The McKinsey Global Institute completed a recent study that shows that energy efficiency improvements in buildings and vehicles are the most cost-effective ways of reducing greenhouse gases. Energy efficiency improvements in new and existing buildings can have an immediate impact on climate change by leveraging existing technology and resources. Energy efficiency investments are low risk and pay for themselves through energy cost savings. State and national policies that encourage large-scale energy efficiency improvements would also create significant numbers of local community "green collar" jobs. Additional policies to support research and development and manufacturing of hybrid and plug-in hybrid vehicle technology also would create job growth and assure timely development of cost-effective technology to address climate change over the long term.

The Johnson Controls Energy Efficiency Indicator survey ( www.johnsoncontrols.com), a study of how business leaders were responding to rising energy costs and environmental issues, last week revealed the combination of economic pressure and environmental awareness that will motivate people to make smart investments that have a big payoff going forward.

Recent announcements regarding federal and state government plans to address these issues are signs of progress, but more needs to be done. We need to take significant action now to promote energy efficiency and invest in key technologies to ensure long-term sustainability.

Clay Nesler is vice president of global energy and sustainability for Johnson Controls Inc.

We're still off track

Much has happened since the first Earth Day. Besides being more tuned in to our relationship with our surroundings and our role in protecting air, water and natural resources for the future, we're witnessing economic development in countries with soaring populations, increasing demand for energy and raw materials.

As such, we can no longer continue along as we did when we celebrated the first Earth Day with Gaylord Nelson in 1970.

Americans are fed up. Polls show that more than 80% believe America is off track. The public is getting squeezed by record gas prices that drive up the costs of food and other goods while their home energy bills skyrocket. We can't continue the old ways that embrace oil, coal and the other polluting fuels.

Instead, we need to move into a clean energy economy that creates opportunities and jobs.

We now sit at the crossroads: Do we dabble at the edges or aggressively adopt new technologies and philosophies on energy production and consumption?

This Earth Day, join Sierra Club in learning how we can do it. See how others are changing their energy footprint, saving money on energy bills, making money in the business of new energy technologies and helping save the planet.

With American ingenuity and the help of like-minded people in the faith, union and business worlds - and with the assistance of our friends and neighbors - we can increase the use of affordable, renewable energy; we can make our homes, cars and buildings more energy efficient; we can save money, boost the economy and create jobs; and we can reduce global warming - all while leaving a planet that's safe and clean for our children.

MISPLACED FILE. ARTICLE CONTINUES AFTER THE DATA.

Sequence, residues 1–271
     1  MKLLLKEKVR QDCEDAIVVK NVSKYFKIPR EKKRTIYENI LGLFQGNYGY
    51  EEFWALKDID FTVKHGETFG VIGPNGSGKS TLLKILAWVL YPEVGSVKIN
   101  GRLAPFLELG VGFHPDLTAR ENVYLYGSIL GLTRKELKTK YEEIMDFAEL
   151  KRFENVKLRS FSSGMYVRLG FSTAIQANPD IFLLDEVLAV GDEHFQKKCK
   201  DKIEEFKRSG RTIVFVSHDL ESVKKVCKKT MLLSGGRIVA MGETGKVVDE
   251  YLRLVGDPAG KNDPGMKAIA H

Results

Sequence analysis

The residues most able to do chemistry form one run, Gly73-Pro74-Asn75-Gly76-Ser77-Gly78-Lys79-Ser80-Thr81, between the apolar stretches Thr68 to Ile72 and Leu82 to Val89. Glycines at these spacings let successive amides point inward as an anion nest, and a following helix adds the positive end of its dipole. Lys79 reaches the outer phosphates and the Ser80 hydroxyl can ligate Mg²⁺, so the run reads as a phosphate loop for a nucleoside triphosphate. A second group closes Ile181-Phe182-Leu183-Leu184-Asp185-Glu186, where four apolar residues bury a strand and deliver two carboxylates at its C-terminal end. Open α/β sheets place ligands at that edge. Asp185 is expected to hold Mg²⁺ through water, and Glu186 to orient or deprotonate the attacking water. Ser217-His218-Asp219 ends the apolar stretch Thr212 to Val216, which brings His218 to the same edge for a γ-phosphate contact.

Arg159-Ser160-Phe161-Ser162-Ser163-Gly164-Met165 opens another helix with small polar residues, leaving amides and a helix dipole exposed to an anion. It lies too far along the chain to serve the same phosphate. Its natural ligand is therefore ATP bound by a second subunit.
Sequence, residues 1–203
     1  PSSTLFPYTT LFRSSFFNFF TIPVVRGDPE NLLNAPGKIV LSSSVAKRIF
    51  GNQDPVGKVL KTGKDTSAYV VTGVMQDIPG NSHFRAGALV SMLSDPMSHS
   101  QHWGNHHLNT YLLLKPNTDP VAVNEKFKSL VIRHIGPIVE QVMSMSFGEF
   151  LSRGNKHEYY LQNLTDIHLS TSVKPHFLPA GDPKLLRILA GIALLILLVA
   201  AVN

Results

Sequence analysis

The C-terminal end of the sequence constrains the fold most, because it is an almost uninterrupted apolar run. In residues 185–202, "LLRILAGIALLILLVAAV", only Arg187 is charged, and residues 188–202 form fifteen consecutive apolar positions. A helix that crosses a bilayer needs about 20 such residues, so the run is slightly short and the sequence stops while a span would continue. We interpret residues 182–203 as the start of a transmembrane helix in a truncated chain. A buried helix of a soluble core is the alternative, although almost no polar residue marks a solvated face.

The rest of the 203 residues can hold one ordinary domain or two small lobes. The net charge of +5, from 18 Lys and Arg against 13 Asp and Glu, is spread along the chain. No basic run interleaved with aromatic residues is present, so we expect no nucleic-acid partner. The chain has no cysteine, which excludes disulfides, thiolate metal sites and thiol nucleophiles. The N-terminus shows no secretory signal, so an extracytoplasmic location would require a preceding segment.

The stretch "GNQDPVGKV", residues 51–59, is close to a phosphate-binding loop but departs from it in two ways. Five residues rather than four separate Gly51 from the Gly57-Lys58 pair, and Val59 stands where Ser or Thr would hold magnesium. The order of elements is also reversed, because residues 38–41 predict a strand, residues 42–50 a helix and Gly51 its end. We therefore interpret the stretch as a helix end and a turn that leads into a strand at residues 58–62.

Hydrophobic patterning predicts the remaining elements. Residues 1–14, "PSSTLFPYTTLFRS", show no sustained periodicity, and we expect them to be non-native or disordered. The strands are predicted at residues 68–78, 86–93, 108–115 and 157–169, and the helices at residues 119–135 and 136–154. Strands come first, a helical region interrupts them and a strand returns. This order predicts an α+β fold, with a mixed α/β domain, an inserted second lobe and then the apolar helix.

Eric Uram is conservation chair for the John Muir chapter of the Sierra Club.

Protecting our waters

"The ultimate test of man's conscience may be his willingness to sacrifice something today for future generations whose words of thanks will not be heard."

Gaylord Nelson, founder of Earth Day

When millions of Americans participated in the first Earth Day on April 22, 1970, they delivered an unprecedented environmental call to action to our nation's politicians. A call answered by enactment of such groundbreaking laws as the Clean Water Act, the Clean Air Act, the Endangered Species Act and the Safe Drinking Water Act. What's more, it is clear that the environmental movement accomplished something beyond historic legislation. Over the years it slowly but surely altered our national mind-set.

Just in time, too, because we have reached a point in the Earth's history where we need every advantage we can muster. As Wisconsin's environmental champion, Gaylord Nelson, acknowledged in the years before his death, these are increasingly complicated times. We must grapple with environmental challenges far and near, including issues vital to our own state's future such as renewable energy, global warming, invasive species, environmental justice and groundwater protection.

In Wisconsin, we are poised to enact the epic environmental achievement of our generation - the Great Lakes compact. Only through a strong compact and state implementing bill can Wisconsin and the region protect, conserve and sustain our vital Great Lakes system in an increasingly thirsty world. We must ensure its passage in Wisconsin and its ratification by Congress.

With these and other challenges before us, we are fortunate to live in a state whose citizens deeply value its natural resources and expect state legislators to respond in kind on Earth Day and every day.